But in the abstract language of partially ordered sets, < is reinterpreted many ways — to mean proper subset of ⊂  (contained by), divides, “is hotter than” or … any transitive relation — even begat.

Consider the set

  • {Cain, Enoch, Irad, Mehujael, Methusael, Lamech₁, Jabal, Jubal, Tubal-cain, Naamah} ∪ {Adam, Abel, Seth} ∪ {Seth, Enosh, Kenan, Mahalalel, Jared, Enoch₂, Methusaleh, Lamech₂, Noah} ∪ {Noah, Shem, Ham, Japheth}.

Transitivity means that it’s impossible for Adam < … < Adam < … (where Adam refers to the same man, not to another person also named “Adam”. We can call him Adam₀ if it’s a problem).

Then the fourth and fifth chapters of Genesis yield the following relations among the members of that set.

  • Cain < Enoch₁ < Irad < Mehujael < Methusael < Lamech₁ < Jubal
  • Lamech₁ < Jabal
  • Lamech₁ < Tubal-cain
  • Lamech₁ < Naamah
  • Adam < Cain
  • Adam < Abel
  • Adam < Seth
  • Adam < Seth < Enosh < Kenan < Mahalalel < Jared < Enoch₂ < Methuselah < Lamech₂ < Noah
  • Noah < Shem
  • Noah < Ham
  • Noah < Japheth

It’s not like we reduce Enoch₂ to “the thing between Jared and Methuselah” — there is other information attached to Enoch₂ such as that he walked with God and was no more (whereas all the others were noted to have died). Likewise to say that 18 is the integer between 17 and 19 isn’t to ignore the fact that 6 divides 18 or that it represents a legal bright-line in some countries.

Nor do we assume that every pair (a,b) from that set should be comparable. (In a totally ordered set either a<b or b<a, ∀a,b.) But in case of the begats:

  • Mehujael Noah
  • Shem Tubal-cain
  • Jared Jabal

April 29, 2012

In AD 312 a pretender to the imperial title by the name of Constantine marched from Gaul … towards Rome…. [V]ictorious … the dominion of the Roman[s] was set upon a radically new path … an imperium christianum….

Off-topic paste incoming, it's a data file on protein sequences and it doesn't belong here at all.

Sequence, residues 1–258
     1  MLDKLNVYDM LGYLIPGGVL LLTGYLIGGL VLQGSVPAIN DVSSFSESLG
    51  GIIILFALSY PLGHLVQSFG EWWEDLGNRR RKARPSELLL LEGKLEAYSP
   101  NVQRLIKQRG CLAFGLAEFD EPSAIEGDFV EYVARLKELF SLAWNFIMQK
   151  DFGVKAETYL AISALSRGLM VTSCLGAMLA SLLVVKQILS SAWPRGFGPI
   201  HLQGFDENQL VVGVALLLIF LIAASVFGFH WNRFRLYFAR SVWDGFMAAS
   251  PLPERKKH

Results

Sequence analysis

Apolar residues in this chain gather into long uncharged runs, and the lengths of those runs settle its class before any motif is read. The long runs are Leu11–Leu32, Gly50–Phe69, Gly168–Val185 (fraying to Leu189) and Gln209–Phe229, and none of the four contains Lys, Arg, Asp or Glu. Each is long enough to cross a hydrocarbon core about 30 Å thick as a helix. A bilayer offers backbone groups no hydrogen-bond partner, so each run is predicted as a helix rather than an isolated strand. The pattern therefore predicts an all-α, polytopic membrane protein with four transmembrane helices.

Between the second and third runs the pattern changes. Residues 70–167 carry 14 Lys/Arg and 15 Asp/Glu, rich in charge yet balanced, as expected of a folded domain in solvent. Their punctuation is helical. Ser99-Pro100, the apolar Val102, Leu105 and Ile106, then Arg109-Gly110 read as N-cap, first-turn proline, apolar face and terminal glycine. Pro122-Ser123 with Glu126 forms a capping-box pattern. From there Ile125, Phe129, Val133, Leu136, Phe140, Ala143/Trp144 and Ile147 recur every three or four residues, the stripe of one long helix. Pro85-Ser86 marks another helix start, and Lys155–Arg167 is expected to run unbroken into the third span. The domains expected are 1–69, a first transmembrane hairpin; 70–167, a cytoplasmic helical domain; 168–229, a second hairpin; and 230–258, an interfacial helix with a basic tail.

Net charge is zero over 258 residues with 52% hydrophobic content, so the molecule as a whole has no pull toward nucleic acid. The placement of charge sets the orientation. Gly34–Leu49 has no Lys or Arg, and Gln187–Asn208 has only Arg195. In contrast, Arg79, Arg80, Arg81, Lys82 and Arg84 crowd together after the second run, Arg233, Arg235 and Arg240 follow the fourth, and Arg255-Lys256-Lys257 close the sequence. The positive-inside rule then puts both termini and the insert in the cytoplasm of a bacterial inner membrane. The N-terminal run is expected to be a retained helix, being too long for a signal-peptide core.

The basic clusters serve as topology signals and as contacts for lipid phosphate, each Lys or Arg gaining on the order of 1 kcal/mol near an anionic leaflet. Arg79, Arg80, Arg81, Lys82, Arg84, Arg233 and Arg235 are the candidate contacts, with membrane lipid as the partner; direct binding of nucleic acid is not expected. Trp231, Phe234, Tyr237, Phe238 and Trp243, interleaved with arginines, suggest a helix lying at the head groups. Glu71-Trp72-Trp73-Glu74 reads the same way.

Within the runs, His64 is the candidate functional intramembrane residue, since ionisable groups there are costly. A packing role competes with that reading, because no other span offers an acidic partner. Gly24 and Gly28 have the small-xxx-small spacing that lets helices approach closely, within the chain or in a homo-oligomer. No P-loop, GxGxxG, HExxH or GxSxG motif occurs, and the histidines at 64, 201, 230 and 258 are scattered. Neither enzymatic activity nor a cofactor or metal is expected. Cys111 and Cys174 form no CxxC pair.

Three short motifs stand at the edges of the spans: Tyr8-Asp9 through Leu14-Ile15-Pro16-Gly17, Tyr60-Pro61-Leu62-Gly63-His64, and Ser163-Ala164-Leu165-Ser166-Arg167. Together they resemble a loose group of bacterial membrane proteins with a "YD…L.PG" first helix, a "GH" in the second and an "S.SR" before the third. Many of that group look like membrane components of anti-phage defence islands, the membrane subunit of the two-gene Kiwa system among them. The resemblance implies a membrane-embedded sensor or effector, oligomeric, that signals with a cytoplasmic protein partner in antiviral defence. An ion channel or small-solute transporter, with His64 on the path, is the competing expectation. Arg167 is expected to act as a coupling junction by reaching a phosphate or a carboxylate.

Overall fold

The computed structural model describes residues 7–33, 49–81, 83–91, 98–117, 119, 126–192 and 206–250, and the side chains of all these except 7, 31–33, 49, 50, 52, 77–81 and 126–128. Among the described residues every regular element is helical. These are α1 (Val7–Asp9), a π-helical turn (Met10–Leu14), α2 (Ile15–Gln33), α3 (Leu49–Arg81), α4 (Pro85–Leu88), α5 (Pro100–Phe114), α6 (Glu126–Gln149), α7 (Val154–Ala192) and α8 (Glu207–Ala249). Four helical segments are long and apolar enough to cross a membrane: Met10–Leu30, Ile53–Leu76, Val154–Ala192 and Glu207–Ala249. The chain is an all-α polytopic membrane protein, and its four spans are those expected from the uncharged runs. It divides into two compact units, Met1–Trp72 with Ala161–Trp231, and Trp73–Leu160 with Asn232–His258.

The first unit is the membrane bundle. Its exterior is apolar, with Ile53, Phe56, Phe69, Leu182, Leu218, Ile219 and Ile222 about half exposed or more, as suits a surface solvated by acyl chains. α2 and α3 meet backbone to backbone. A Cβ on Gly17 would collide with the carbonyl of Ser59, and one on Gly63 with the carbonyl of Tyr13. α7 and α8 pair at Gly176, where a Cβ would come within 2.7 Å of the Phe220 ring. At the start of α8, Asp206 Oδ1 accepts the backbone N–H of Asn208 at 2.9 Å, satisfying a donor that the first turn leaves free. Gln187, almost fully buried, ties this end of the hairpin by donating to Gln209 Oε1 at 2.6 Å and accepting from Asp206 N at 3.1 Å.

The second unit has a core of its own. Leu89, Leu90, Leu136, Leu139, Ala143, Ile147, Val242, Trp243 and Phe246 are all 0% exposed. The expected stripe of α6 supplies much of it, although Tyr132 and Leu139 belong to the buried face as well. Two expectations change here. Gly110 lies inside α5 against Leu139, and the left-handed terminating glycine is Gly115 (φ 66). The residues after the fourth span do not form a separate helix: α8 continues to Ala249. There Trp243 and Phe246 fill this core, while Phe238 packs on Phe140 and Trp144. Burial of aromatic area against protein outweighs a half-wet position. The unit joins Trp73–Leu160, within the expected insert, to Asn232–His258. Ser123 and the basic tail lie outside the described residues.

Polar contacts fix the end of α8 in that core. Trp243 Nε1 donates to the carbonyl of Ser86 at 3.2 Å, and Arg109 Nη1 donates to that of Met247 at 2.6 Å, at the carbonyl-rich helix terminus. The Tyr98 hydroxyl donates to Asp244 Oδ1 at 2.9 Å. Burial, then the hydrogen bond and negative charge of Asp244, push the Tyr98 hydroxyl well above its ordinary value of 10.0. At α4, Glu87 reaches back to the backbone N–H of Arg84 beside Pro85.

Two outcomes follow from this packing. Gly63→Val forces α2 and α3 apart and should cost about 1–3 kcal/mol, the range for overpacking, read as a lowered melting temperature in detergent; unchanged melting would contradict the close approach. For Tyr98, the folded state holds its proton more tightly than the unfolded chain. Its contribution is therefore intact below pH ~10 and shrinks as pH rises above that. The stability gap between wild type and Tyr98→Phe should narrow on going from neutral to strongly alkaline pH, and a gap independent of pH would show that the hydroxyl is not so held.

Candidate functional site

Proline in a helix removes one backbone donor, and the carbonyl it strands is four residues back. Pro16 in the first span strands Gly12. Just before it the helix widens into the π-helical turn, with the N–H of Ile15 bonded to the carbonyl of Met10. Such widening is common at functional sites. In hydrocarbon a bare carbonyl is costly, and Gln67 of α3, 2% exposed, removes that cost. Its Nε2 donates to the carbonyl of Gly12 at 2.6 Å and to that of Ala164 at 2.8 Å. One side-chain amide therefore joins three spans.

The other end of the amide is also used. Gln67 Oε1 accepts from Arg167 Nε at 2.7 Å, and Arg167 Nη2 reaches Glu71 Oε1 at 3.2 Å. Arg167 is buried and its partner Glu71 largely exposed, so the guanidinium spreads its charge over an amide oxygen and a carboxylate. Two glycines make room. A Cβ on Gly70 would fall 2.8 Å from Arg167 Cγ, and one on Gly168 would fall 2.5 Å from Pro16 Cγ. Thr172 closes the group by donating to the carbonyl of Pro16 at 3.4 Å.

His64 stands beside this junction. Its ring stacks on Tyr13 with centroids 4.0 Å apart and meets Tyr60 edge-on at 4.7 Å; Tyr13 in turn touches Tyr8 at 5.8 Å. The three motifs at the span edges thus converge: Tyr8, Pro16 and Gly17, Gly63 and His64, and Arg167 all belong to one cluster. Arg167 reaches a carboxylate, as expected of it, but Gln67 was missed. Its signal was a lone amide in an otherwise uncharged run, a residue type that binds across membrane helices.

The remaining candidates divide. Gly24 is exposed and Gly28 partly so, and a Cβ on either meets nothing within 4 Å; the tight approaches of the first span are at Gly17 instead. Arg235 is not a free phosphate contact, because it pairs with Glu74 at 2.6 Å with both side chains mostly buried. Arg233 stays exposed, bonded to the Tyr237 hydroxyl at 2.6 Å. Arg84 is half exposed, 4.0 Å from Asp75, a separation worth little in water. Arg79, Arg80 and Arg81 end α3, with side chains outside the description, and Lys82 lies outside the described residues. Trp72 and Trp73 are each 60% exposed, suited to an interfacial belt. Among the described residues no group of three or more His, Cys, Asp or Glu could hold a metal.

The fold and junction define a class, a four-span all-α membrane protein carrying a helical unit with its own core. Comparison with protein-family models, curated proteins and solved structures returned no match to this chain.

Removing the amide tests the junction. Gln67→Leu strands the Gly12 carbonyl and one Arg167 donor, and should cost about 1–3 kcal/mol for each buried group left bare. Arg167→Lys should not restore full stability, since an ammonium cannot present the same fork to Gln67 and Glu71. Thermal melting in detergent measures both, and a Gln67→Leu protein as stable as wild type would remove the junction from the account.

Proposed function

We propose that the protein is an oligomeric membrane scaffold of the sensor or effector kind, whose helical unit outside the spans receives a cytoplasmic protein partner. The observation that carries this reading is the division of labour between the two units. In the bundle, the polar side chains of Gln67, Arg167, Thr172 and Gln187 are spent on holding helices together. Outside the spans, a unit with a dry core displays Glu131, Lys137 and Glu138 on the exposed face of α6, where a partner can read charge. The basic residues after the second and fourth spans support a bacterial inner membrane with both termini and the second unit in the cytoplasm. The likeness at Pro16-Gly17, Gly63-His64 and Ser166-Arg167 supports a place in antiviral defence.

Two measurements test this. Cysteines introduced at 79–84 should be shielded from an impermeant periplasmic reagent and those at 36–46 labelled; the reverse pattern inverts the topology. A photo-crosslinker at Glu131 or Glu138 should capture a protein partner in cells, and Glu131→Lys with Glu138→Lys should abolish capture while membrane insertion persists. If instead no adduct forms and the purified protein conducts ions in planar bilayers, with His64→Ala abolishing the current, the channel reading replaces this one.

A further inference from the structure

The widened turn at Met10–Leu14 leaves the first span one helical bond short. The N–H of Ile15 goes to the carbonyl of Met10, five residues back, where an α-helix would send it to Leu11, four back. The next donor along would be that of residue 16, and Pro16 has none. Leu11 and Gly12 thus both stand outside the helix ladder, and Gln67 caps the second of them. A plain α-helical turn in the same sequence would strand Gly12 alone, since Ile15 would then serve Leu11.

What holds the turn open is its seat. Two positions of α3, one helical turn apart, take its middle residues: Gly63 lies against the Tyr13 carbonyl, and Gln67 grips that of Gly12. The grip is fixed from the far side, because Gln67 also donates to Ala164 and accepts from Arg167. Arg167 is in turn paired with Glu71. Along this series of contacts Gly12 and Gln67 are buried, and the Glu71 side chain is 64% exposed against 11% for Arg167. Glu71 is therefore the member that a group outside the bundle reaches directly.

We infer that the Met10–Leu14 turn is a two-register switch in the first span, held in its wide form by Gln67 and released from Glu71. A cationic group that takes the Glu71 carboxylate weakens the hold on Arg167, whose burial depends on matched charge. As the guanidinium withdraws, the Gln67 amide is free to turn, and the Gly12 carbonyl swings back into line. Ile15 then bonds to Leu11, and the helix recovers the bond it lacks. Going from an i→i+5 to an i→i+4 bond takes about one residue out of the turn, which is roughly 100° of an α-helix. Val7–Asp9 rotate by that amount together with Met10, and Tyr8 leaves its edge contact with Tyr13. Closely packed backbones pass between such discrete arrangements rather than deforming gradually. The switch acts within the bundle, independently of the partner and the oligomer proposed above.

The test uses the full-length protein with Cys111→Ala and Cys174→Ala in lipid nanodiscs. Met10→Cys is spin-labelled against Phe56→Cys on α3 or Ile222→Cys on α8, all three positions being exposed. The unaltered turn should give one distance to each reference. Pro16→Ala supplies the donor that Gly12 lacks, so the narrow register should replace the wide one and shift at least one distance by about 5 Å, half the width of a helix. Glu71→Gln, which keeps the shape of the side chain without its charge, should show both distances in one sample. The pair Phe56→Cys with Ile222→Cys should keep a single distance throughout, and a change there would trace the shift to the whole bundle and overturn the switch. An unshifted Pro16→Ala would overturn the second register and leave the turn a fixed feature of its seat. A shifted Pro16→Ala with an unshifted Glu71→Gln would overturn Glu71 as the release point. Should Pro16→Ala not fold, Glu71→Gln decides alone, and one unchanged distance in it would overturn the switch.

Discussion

[O]n the shores of the Bosphorus, what had formerly been the pagan city of Byzantium [became] a Christian capital. Constantine … mark[ed] out the street plan … guided by the figure of Christ following before him … Constantinople….

A seat of empire, to be sure — but hardly a monument to Christian humility.

The leaders of the Church were unperturbed. Scarcely able … to credit the miracle that had transformed them … from a persecuted minority into an imperial elite, they raised few eyebrows at the spectacle of their emperor’s magnificence…. [I]t struck most of them that it would be a waste of time to preach revolution. Far more meritorious … to labour at … order, not egalitarianism…. What were the saints, the angels and the archangels if not the very model of a court…? A Christian emperor … could serve not merely as Christ’s ally in the great war against evil, but as His representative on earth…. In the bejewelled and perfumed splendours of Constantinople might be glimpsed a reflection of the beauties of paradise; in the armies that marched to war against the foes of the Christian order an image of the angelic hosts.

What had once been the very proofs of the empire’s depravity — its wealth, its splendour, its terrifying military might — now seemed to mark it out as a replica of heaven.

[T]he Christ to whom Constantine and his successors compared themselves bore little resemblance to the Jesus who had died in excruciating and blood-streaked agony upon a rough-hewn cross…. [Christ] began to resemble nothing so much as a Roman emperor. Whereas the faithful had once looked to their Messiah to sit in awful judgement over Rome, now bishops publicly implored Him to turn His “heavenly weapons” against the enemies of the empire, “so that the peace of the Church might be untroubled by storms of war.”